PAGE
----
Recently, I talked to Dominic Penaloza, CEO of Ushi, whom my partner, Technode’s Lu Gang, interviewed in February.
Within three months, Ushi has progressed quite a lot. It doubled its number of members, to 200,000. These includes 12,000 CEO and 5,000 CTO. 75% of VC active in China are also in Ushi’s network. (Entrepreneurs looking for funding probably should get a Ushi account, too. But you better have a friend who is a Ushi member, as it is still invitation-only at the moment.)
Ushi wants to be Linkedin in China. Dominic said they had the idea in March 2010 and it was officially launched in October 2010. Apart from Dominic, the other founder is Quentin Zhang, a former Tianji product manager. One can also consider LinkedIn automation tools to make it easier to stay connected.
It is about one year since they started, I wonder whether 200,000 members seems rather low. With close to 400 million Chinese internet users, many startups has over a million users in a year. Just as another of my friend suggested, “in China, anything less than a million is just rounding error.”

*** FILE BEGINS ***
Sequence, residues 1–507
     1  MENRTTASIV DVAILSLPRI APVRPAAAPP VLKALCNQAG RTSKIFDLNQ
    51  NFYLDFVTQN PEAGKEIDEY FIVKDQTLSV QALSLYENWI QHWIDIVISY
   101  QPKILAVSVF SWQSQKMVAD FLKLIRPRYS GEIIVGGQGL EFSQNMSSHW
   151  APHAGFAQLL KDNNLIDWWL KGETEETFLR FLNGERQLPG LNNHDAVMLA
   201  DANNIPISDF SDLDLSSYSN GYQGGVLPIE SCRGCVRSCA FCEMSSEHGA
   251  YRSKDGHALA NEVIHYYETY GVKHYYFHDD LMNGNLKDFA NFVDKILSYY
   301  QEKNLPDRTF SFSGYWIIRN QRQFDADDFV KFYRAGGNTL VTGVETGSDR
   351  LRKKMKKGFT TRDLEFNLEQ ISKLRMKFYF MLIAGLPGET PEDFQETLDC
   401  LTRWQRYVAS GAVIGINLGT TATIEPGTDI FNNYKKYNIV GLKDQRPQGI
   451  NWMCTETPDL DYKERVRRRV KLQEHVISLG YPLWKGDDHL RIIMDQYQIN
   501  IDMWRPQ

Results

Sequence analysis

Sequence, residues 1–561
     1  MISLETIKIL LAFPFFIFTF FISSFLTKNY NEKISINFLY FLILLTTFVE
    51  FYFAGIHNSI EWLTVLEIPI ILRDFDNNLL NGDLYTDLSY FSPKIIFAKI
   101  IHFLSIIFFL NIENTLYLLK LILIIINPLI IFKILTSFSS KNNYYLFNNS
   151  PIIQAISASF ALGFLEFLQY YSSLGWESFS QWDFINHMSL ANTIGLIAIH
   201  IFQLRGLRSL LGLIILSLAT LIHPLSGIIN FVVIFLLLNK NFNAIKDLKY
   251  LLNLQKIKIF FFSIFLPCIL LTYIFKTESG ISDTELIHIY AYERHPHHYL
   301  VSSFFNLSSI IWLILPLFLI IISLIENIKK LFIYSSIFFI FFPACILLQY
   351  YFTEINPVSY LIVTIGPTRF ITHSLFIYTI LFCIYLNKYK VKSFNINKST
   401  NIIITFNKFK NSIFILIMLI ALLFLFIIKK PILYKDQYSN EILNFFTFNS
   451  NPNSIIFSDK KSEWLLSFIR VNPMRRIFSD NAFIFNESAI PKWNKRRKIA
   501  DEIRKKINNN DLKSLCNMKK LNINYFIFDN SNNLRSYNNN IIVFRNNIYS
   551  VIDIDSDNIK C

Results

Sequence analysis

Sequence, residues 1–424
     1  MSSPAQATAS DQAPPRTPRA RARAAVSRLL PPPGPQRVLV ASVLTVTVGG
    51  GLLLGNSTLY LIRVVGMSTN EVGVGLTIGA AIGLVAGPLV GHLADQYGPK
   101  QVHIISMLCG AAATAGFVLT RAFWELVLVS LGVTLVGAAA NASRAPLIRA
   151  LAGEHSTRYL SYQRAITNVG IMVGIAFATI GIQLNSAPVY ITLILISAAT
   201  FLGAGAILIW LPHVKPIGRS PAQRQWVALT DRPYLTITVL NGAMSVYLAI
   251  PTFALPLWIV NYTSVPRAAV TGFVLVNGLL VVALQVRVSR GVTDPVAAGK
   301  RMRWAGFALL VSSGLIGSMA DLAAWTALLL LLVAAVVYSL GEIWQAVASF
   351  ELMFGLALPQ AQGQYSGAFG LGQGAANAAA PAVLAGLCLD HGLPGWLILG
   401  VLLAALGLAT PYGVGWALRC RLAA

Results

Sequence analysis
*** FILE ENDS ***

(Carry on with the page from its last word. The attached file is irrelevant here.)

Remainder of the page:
Dominic did not think so. “The failure of Tianji was because it grew too fast,” he said. Tianji, another Linkedin want-to-be, once had over 3 million users in China, but it did not patrol their network very well. Many of the high level users, the executives and CEOs, got feed up as they received too many requests for connection from people they did not know or have no interest in knowing.
“In our system, we classify multiple level of users. Some can do more than the others. For example, a newly joined member will not be able to send 100 connection request in a day. If your request got turn down frequently, you will get more difficult to send new requests,” said Dominic, “This is what Linkedin is doing, too.”
Dominic might have a point. But, I still think a social network has to big to be useful. I have had my Linkedin account for many many years. It is only recently I found it useful, as more and more of my friends are on the network. Also, it is not banned in China, making it even more useful, as I spend most of my time in Beijing right now.